Other factors that lead to reduced morale are related to the academic instructions and curriculum. Most teachers complain that the curriculum in place is not holistic. The assessment of various records and other activities consumes a lot of time. There is also an increase in the deterioration of numeracy and skills in teaching that further leads to the reduction in performance progress. The teachers also exhibit reduced confidence due to the inability to collaborate at both the staff and school levels. Such events lead to reduced morale (Tarique & Schuler, 2010).

Solutions to Problems at the School

Cultivating a Positive Culture

A constructive culture can be culminated in the schools by tailoring various actions towards meeting the needs of the teachers, students, subordinate staff, parents, and the community at large (Hall & Hord, 2015). Efforts that have been put in place to ensure a good climate and changing culture in the school occur in both the national and local school settings. A change that is visible for both the students and teachers must be evident. For example, to ensure bonding amongst the students themselves, they must establish a routine development of rapport with fresh learners or those from other schools. Such actions tend to change the attitudes, norms, and beliefs of students with a view of alleviating unwanted behaviors such as hate and bullying (Tarique & Schuler, 2010).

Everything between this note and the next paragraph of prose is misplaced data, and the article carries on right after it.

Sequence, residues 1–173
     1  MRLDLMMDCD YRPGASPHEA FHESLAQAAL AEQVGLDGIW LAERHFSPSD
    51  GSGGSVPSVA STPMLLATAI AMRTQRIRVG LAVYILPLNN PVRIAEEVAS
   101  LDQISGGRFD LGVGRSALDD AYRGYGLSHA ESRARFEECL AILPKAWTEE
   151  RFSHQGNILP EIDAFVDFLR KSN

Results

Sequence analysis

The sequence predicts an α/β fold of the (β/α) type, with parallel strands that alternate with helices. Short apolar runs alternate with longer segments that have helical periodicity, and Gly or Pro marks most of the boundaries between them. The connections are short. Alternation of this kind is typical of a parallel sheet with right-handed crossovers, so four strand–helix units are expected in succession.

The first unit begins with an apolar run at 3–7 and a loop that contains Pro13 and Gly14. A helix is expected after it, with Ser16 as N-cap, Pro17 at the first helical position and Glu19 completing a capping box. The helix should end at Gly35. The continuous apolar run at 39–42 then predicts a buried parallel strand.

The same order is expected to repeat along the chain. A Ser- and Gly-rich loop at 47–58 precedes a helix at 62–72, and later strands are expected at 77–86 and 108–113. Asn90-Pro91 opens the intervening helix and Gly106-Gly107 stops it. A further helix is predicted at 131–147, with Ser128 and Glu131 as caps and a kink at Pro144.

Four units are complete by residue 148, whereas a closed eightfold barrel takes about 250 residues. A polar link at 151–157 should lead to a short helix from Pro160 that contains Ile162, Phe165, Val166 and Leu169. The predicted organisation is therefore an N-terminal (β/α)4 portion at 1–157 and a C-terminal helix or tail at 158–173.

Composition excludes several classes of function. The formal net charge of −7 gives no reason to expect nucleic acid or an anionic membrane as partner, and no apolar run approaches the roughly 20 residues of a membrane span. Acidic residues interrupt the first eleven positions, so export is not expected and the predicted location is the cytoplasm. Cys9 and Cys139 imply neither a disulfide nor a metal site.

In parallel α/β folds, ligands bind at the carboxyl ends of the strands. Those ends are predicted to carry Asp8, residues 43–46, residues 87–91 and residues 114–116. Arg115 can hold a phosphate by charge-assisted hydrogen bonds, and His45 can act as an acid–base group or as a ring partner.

The productive climate and culture in schools are also improved through collective planning of activities, the creation of a friendly learning environment, and ensuring the evaluation of the views of the teachers. The contributions of the teachers, students, and parents are paramount to fostering both collaboration and mutual understanding. When such ideas are considered, long-term changes that lead to the maintenance of a healthy learning atmosphere are realized. This set of circumstances improves the morale of the teachers and students significantly (Tarique & Schuler, 2010).

Many researchers have attested that the positive learning environment has a considerable impact on the learning process; hence, it leads to improved morale that promotes the quality of the outcome. For example, students are likely to attain higher achievement, understanding of concepts, and good behavior when they are taught in a positive school climate (Hall & Hord, 2015). The link that exists between the learning environment and student outcome is seen as a direct factor that augments the realization of the school goals. It is also noted that indirect impacts such as the sense of belonging, improved school attendance, and collective involvement in activities also exist.